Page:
Deploy a kernel space NFS caching proxy in Compute Engine

This tutorial shows you how to deploy, configure, and test a Linux-based, kernel-space Network File System (NFS) caching proxy in Compute Engine. The architecture that's described in this tutorial is designed for a scenario in which read-only data is synchronized at a byte level from an NFS origin file server (such as an on-premises NFS file server) to Google Cloud, or synchronized on demand from one primary source of truth to multiple read-only replicas.

This tutorial assumes that you're familiar with the following:

  • Building custom versions of the Linux operating system.
  • Installing and configuring software with startup scripts in Compute Engine.
  • Configuring and managing an NFS file system.

This architecture doesn't support file locking. The architecture is best suited for pipelines that use unique filenames to track file versions.

Architecture

The architecture in this tutorial has a kernel-space NFS Daemon (KNFSD) that acts as an NFS proxy and cache. This setup gives your cloud-based compute nodes access to local, fast storage by migrating data when an NFS client requests it. NFS client nodes write data directly back to your NFS origin file server using write-through caching. The following diagram shows this architecture:

Architecture using a KNFSD proxy in Google Cloud.

In this tutorial, you deploy and test the KNFSD proxy system. You create and configure a single NFS server, a single KNFSD proxy, and a single NFS client all in Google Cloud.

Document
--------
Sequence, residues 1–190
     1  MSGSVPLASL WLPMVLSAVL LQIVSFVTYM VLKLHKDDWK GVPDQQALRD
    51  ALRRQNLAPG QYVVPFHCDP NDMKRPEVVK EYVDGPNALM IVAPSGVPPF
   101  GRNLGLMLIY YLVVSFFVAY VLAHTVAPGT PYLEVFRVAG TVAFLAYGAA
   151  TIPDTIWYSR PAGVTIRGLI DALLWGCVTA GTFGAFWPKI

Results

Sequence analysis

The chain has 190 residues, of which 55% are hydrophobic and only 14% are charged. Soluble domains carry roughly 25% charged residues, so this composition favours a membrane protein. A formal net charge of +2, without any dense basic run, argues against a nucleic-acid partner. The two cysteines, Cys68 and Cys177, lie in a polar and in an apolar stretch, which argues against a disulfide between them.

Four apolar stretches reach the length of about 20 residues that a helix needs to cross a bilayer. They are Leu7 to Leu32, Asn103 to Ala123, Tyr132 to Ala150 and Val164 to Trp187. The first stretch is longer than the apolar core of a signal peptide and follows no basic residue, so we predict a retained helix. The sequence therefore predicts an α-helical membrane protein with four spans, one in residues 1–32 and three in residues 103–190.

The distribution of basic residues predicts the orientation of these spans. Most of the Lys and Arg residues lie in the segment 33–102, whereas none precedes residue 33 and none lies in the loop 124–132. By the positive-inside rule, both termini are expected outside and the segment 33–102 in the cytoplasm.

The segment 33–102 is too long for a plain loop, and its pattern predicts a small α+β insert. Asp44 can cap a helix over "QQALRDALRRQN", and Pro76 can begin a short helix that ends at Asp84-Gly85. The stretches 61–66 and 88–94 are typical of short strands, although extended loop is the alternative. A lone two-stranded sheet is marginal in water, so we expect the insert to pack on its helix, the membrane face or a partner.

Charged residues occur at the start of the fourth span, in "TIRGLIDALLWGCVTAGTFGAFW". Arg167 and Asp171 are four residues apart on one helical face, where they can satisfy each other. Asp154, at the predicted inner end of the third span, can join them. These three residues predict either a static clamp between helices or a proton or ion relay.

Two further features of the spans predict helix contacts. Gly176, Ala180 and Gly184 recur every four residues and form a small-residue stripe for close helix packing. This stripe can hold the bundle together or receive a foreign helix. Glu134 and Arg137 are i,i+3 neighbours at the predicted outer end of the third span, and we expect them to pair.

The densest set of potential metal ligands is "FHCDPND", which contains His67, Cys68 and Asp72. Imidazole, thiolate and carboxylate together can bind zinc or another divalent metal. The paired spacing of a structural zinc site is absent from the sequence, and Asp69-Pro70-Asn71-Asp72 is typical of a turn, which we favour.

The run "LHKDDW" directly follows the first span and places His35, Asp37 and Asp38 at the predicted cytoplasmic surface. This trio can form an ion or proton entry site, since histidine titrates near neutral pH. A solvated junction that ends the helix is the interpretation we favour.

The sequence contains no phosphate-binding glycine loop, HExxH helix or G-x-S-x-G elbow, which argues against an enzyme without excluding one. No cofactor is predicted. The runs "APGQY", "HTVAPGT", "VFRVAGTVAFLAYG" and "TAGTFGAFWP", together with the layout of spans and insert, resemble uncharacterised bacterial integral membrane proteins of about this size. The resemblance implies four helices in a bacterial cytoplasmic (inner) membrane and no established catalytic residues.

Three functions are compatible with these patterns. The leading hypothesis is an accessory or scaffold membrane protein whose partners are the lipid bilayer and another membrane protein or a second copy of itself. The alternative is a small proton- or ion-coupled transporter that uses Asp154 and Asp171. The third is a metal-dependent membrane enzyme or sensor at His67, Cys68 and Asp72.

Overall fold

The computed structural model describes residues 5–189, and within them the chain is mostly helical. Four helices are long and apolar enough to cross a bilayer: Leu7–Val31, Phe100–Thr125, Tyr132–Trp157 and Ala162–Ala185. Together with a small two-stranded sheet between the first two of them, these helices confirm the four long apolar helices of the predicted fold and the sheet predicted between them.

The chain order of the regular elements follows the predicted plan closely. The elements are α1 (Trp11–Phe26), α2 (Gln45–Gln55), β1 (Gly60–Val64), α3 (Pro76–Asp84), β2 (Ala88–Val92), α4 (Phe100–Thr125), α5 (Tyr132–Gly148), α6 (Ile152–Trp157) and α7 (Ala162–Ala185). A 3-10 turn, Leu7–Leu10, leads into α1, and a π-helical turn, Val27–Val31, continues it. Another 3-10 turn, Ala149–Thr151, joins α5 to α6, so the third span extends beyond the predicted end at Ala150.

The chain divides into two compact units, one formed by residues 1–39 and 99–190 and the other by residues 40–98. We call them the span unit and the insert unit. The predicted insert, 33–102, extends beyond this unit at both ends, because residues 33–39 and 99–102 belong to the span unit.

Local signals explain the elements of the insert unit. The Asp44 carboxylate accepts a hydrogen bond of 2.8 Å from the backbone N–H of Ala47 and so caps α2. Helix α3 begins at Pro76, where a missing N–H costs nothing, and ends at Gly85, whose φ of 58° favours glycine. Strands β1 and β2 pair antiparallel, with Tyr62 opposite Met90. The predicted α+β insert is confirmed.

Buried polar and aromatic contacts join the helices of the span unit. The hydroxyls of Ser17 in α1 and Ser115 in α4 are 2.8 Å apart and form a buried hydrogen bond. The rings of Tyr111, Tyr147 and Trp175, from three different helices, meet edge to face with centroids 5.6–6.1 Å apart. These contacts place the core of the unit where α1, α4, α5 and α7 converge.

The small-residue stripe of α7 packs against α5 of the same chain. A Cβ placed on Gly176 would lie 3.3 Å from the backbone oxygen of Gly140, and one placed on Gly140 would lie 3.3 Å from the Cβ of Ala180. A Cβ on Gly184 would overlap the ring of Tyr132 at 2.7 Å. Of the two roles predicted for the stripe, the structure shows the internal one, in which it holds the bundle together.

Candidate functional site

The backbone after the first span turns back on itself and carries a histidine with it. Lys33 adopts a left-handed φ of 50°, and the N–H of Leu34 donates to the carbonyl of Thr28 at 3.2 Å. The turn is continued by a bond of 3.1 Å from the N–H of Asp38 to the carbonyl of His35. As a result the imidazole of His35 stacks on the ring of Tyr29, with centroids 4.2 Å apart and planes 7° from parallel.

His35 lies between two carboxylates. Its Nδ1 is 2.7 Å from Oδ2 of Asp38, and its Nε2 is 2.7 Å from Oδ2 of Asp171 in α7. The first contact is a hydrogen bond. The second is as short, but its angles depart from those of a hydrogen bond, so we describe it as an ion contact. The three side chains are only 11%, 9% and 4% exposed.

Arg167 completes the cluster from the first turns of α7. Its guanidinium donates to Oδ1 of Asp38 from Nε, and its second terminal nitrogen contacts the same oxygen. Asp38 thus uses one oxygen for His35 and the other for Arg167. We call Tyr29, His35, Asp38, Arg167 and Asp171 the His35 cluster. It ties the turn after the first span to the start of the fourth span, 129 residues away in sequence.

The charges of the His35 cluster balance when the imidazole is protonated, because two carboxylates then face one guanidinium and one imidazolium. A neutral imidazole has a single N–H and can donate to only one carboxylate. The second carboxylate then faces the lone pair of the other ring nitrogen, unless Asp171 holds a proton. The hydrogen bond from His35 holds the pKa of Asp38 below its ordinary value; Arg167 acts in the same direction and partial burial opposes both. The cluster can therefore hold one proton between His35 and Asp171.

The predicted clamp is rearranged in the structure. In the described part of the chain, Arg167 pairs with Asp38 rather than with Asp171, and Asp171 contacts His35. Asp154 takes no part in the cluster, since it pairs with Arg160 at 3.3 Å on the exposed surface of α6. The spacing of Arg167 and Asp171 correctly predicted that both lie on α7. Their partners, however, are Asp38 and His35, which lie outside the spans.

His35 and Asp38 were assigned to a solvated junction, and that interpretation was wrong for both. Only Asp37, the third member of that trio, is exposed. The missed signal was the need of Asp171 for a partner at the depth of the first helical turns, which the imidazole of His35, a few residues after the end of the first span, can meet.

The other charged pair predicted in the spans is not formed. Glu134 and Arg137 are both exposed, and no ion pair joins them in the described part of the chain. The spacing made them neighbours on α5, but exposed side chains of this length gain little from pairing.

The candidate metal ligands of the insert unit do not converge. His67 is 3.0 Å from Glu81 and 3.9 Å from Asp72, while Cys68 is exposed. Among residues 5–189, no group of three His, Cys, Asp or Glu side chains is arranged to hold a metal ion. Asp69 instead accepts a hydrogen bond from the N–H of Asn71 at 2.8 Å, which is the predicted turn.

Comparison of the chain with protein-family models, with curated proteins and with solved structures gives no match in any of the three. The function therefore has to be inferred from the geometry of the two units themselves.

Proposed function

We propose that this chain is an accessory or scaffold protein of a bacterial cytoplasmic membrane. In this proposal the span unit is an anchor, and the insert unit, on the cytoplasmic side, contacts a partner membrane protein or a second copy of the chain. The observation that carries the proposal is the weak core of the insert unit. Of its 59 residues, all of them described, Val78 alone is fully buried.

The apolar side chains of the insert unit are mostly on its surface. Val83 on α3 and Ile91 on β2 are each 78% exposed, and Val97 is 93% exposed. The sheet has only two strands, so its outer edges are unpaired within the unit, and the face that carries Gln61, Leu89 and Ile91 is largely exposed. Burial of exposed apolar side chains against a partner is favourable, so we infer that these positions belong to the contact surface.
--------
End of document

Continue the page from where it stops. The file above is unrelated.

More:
The KNFSD proxy system works by mounting a volume from the NFS server and re-exporting that volume. The NFS client mounts the re-exported volume from the proxy. When an NFS client requests data, the KNFSD proxy checks its various cache tables to determine whether the data resides locally. If the data is already in the cache, the KNFSD proxy serves it immediately. If the data requested isn't in the cache, the proxy migrates the data, updates its cache tables, and then serves the data. The KNFSD proxy caches both file data and metadata at a byte level, so only the bytes that are used are transferred as they are requested.

The KNFSD proxy has two layers of cache: L1 and L2. L1 is the standard block cache of the operating system that resides in RAM. When the volume of data exceeds available RAM, L2 cache is implemented by using FS-Cache, a Linux kernel module that caches data locally on disk. In this deployment, you use Local SSD as your L2 cache, although you can configure the system in several ways.

To implement the architecture in this tutorial, you use standard NFS tools, which are compatible with NFS versions 2, 3, and 4.

KNFSD deployment in a hybrid architecture

In a hybrid architecture, NFS clients that are running in Google Cloud request data when it's needed. These requests are made to the KNFSD proxy, which serves data from its local cache if present. If the data isn't in the cache, the proxy manages communication back to the on-premises servers. The system can mount single or multiple NFS origin servers. The proxy manages all communication and data migration necessary through a VPN or Dedicated Interconnect back to the on-premises NFS origin servers. The following diagram shows this KNFSD deployment in a hybrid architecture:

Hybrid architecture using a KNFSD deployment.

Hybrid connectivity is beyond the scope of this tutorial. For information about advanced topics such as considerations for deploying to a hybrid architecture, scaling for high performance, and using metrics and dashboards for troubleshooting and tuning, see Advanced workflow topics.

Objectives

  • Deploy and test a KNFSD proxy system.
  • Create and configure the following components in Google Cloud:
    • A custom disk image
    • A KNFSD proxy
    • An NFS server
    • An NFS client
  • Mount an NFS proxy on an NFS client.
  • Copy a file from the NFS server through the NFS proxy to the NFS client.

Costs